A Medical Device Daily

The European Union, through the Sixth Framework Program, has approved a project led by IDIBAPS-Hospital Clinic , with the aim to validate the IBDchip (Inflammatory Bowel Disease DNA Chip) within the European Community

It is said to be the world’s first diagnostic DNA chip, and has the main object to predict prognosis and response to therapy of patients suffering from inflammatory bowel disease. The program has a EUR 2.5 million budget for the next three years for conducting several studies, including a total of 3,000 to 4,000 patients in seven European countries.

A consortium that includes seven European centers in inflammatory diseases and genetics; an enterprise with the technology for manufacturing the chip; and an enterprise in laser technology, in charge of optimizing the reading of the chips, has been created for conducting this project.

The consortium is coordinated by Dr. Miquel Sans, researcher of the IDIBAPS Physiopathology of Gastrointestinal Lesions Group and member of the gastroenterology facility of Hospital Clinic de Barcelona.

The IBDchip is a DNA chip especially developed by the Basque company Progenika Biopharma in collaboration with Sans. The chip is a simple device requiring only a small blood sample. The DNA is obtained from this sample, which is placed in a glass support (the IBDchip) for the detection of 61 mutations, using laser technology.

Crohn’s disease and colitis ulcerosa are highly heterogenic pathologies with unpredictable clinical course and drug response. The prevalence of these diseases has significantly increased in developed countries during the last decades. In Spain, more than 100,000 people are affected, and the incidence of the disease is 15 to 20 new cases per 100,000 inhabitants per year. The number of patients in Europe rose to 1.5 million.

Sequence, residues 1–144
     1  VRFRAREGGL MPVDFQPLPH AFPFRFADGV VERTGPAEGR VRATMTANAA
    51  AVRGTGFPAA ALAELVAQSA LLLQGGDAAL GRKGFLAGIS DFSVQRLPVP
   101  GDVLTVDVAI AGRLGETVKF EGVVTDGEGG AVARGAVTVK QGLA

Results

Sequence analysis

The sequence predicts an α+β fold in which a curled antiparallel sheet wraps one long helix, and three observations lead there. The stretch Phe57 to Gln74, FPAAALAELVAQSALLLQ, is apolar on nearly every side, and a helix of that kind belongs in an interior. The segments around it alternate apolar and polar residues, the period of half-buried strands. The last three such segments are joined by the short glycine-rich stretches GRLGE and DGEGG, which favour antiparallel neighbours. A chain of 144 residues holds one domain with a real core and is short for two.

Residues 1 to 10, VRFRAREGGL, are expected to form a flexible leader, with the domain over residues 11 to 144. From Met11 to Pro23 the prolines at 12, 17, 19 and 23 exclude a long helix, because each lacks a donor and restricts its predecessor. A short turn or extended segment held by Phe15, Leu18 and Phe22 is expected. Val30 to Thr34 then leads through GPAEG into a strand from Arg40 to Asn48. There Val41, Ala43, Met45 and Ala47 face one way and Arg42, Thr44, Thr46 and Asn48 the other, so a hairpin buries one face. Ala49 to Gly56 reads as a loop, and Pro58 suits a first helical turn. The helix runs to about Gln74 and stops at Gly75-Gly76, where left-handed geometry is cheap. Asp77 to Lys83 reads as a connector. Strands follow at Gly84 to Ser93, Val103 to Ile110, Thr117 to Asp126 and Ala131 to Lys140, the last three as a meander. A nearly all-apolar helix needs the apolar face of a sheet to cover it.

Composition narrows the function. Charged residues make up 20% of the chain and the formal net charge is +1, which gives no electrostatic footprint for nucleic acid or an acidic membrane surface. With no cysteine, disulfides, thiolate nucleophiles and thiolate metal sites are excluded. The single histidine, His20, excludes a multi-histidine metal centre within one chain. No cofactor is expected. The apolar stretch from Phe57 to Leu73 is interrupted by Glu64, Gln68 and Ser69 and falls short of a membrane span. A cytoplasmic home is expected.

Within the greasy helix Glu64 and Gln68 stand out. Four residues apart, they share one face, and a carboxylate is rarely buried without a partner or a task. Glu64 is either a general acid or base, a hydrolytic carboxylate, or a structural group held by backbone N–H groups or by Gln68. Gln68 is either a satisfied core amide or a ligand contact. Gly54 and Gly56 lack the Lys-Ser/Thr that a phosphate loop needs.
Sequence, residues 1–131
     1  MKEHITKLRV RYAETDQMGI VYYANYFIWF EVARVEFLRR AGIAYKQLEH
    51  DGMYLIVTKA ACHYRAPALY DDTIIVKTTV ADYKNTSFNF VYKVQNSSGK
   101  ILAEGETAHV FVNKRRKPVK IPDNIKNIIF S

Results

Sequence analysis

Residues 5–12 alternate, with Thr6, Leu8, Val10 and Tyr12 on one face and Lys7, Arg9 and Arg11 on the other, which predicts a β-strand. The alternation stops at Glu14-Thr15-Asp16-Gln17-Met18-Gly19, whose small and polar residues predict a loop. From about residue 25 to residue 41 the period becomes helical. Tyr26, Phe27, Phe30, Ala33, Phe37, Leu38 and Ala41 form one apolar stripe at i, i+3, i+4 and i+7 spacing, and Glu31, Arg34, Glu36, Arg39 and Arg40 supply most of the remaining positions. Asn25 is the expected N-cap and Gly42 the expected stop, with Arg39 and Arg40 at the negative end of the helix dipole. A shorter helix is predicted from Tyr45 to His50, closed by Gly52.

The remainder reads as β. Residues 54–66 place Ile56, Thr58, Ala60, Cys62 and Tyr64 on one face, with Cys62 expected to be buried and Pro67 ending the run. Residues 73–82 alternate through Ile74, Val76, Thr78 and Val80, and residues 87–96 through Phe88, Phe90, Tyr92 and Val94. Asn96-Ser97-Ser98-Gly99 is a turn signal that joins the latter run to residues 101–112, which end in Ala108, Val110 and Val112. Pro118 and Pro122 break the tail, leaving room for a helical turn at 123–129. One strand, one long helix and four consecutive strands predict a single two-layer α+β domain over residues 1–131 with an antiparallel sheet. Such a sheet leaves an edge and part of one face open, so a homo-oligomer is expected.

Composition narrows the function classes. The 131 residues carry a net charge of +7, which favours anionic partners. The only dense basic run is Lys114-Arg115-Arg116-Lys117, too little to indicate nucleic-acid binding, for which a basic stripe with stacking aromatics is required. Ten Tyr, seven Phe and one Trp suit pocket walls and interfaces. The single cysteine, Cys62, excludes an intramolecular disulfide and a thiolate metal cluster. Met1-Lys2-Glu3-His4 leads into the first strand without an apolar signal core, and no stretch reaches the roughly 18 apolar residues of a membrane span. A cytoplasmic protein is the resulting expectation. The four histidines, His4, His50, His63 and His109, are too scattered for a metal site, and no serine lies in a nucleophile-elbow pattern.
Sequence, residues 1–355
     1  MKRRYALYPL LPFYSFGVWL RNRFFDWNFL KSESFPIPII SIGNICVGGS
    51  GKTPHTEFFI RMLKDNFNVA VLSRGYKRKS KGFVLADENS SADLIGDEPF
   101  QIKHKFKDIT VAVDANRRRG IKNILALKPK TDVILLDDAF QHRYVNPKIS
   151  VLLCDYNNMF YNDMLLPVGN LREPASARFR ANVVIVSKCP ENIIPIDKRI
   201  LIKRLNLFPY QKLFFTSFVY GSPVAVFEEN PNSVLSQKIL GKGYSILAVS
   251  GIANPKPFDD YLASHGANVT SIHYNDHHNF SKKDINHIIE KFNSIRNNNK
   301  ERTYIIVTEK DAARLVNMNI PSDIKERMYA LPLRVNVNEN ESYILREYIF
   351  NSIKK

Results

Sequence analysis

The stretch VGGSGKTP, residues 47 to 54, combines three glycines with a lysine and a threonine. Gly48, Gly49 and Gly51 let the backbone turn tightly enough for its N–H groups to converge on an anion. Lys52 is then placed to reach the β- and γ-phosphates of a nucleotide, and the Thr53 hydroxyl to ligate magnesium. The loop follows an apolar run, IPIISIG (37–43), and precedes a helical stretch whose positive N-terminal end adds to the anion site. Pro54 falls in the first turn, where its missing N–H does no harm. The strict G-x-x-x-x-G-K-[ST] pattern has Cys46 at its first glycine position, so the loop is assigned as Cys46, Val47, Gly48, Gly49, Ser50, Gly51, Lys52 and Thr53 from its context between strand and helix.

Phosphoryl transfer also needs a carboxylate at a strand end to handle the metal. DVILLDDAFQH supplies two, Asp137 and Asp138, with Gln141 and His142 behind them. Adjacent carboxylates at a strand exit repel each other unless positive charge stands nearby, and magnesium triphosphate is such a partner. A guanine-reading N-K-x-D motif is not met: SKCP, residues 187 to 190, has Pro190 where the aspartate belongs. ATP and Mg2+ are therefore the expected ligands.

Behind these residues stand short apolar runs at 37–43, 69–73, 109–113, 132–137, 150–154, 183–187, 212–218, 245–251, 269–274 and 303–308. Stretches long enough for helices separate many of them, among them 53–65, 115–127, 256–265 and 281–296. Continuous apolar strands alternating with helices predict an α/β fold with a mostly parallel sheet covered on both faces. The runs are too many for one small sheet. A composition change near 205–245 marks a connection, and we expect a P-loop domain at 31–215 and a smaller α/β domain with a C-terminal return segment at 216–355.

About 15% of patients have at least one relative suffering from one of these pathologies, which involve an important loss of quality of life. The treatment costs are of EUR 7,382 a year per patient, meaning a total cost of EUR 1 billion a year for the public healthcare system.

The analysis of the first Spanish IBDchip Study aiming to predict the clinical course of Spanish intestinal bowel disease patients is being conducted. This work, also led by Sans, includes more than 900 patients.

Definitive analysis of the first and second phases of the study is expected within the next two months. The final results will determine the exact usefulness of the IBDchip in Spanish patients.

The new European project also aims to study the European usefulness of the tool. “This step is indispensable due to the fact that there is a large genetic variability among the several geographic areas and ethnic groups of our continent, and the mathematical prediction models resulting from the European study will probably be different from those obtained in Spain,” IDIBAPS said.

One of the first aims of the European IBDchip Project is to identify new genetic factors with potential interest regarding intestinal bowel disease. The IBDchip’s version that will be used in such studies is likely to include more than 200 genetic factors instead of the 61 of the first-phase IBDchip.

Datascope, Sorin in global distribution accord

The Sorin Group (Milan, Italy) reported that it has signed an exclusive five-year worldwide agreement, excluding the U.S. and Japan, with Datascope (Montvale, New Jersey), for that company to distribute Sorin’s peripheral vascular stent products. The deal includes a call option for Datascope to acquire Sorin’s peripheral stent business within two years.

Sorin’s peripheral stent products are used in the treatment of peripheral arterial disease (PAD) and use the company’s Carbofilm technology, which the company says has clinically proven biocompatible and hemocompatible characteristics.